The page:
Review by David Starkey
The cover of Claire Dederer’s Monsters: A Fan’s Dilemma is well-chosen. It shows the short, solid and tanned torso of Pablo Picasso beneath the three-dimensional mask of a bull. He stands on the beach, with the ocean, a single bather, and a couple of what look battleships, behind him. The photograph is slightly faded and possibly hand-tinted. Picasso’s arms are outstretched, as though he were estimating the size of a fish he has caught—or whatever is lurking beneath his shorts. He looks, in sum, ridiculous, someone whom it would be easy to dismiss, if not for his enormous, era-defining body of visual art. Sure, we can toss the photo aside, but do we really want to toss Guernica and Three Musicians and that wonderful portrait of Gertrude Stein along with it?
I’m coming to the book a few months after its publication, and I’ve been intrigued by the comments of previous readers. In the one camp are those who criticize Dederer for never definitively answering her own research question, which is, basically, at what point do we, in good conscience, have to stop listening to, reading, or looking at the work of artists we admire who have behaved badly? Dederer puts the situation bluntly when describing her response to her favorite filmmaker, Roman Polanski:
Polanski made Chinatown, often called one of the greatest films of all time.
Polanski drugged and anally raped thirteen-year-old Samantha Gailey.
There the facts sit, unreconcilable.
How would I maintain myself between these contradictions?
In the other camp of readers are those who are beguiled by her limpid prose and her willingness to dig deep into a question that necessarily involves a lot of waffling. I count myself among this second group, although I have some reservations about the book. I do like her idea of a sliding scale: a minor infraction by a great and much-loved artist shouldn’t cancel that person’s work, while a horrific act by someone you don’t think much of is certainly worth a cancellation.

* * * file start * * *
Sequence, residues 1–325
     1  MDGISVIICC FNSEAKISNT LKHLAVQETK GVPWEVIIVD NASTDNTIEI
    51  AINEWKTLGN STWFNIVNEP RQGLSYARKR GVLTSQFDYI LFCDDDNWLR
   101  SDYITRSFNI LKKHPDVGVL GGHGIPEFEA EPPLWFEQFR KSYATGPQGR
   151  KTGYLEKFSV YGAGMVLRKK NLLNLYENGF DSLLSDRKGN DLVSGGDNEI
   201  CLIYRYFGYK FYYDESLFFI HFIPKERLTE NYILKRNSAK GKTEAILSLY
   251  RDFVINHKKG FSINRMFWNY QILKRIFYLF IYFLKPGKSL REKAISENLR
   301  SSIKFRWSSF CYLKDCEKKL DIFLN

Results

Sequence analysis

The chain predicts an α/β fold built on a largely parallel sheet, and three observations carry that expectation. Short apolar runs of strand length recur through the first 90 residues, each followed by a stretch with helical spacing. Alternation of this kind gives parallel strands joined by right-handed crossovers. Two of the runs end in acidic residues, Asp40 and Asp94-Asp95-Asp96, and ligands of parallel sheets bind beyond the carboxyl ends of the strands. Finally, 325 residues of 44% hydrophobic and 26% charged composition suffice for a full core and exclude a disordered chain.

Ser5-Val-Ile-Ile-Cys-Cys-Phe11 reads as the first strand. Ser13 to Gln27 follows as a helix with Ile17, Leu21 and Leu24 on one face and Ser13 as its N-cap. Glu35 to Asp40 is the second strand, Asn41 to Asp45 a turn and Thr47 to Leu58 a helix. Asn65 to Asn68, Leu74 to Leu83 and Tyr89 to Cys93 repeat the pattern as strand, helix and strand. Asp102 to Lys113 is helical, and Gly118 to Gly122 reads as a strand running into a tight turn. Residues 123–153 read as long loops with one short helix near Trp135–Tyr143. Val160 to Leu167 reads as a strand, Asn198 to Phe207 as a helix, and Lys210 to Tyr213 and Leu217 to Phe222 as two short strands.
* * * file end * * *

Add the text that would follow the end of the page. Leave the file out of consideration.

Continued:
However, like many a book of nonfiction that begins with a great idea that could be adequately explored in fifty pages, Monsters veers off from its central point. Dederer’s hook is What do we do about these evil artistic men? but the middle and late chapters feel more like autobiography, with detours into the lives of women artists—Joni Mitchell, Sylvia Plath, Anne Sexton—who valued their art (and its pain) over their children. Dederer guiltily asks herself if she too is a monster in this vein, although as she ponders how much nurturing she has done when she might have been performing “the selfish sacraments of being an artist,” she wonders, “What if I’m not monster enough?” This material is certainly an interesting departure from the opening chapters, but, as Dederer acknowledges, any list of monstrous artistic women “immediately becomes much more tentative.”
If you’ve noticed the first-person coming forward in this review, that’s in deference to Dederer, who is adamant that we can never really separate the actual author from “the critic,” though the latter tacitly writes from a position of (unearned, Dederer would say) authority. Speaking of the reluctant takedown of Miles Davis by Pearl Cleage, “a Black woman and an abuse survivor” and a huge fan of Davis’s music, Dederer writes that Cleage’s “subjective response to the work would seem to make [her] essay weaker, in terms of mounting a convincing argument.” Instead, Dederer believes that speaking from “authority’s opposite”—that is, “personal feeling”—is not “an assailable position,” but rather offers an argument “as sound and strong and clear as a coin rapped on a counter.”
In fact, while Dederer hedges her bets—she loathes Woody Allen’s Manhattan, for instance—she ultimately comes down on the side of holding onto the art one loves. She quotes the philosopher Gillian Rose: “There is no democracy in any love relation: only mercy.” And she asks, “What do we do about the terrible people in our lives?” Her answer: “Mostly keep loving them.”